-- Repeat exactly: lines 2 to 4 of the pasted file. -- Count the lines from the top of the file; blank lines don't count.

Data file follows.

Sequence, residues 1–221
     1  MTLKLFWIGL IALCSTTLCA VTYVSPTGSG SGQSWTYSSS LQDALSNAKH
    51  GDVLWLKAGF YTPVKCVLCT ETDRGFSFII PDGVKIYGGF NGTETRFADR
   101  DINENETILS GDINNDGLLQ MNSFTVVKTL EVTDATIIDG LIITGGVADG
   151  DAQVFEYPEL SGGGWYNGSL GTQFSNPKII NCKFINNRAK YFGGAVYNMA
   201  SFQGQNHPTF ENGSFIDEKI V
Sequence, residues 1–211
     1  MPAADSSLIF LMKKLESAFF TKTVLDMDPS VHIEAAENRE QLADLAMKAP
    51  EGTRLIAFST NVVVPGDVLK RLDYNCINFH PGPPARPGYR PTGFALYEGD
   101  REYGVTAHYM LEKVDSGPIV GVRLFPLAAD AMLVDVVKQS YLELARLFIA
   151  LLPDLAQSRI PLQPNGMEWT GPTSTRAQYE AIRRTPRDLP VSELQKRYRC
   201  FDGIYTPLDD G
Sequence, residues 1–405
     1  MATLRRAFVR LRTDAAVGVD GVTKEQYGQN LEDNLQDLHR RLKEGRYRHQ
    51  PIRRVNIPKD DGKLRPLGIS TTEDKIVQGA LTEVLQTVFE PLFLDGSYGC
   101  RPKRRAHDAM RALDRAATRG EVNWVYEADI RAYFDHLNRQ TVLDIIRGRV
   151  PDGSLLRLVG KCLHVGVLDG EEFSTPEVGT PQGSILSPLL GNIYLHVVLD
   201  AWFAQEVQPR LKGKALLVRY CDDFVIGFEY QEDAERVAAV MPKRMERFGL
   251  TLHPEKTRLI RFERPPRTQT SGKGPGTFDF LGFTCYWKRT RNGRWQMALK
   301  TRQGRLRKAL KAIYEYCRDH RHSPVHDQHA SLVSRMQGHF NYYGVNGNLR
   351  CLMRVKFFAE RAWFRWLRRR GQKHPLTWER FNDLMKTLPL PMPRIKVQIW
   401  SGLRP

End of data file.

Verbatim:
     1  MTLKLFWIGL IALCSTTLCA VTYVSPTGSG SGQSWTYSSS LQDALSNAKH
    51  GDVLWLKAGF YTPVKCVLCT ETDRGFSFII PDGVKIYGGF NGTETRFADR
   101  DINENETILS GDINNDGLLQ MNSFTVVKTL EVTDATIIDG LIITGGVADG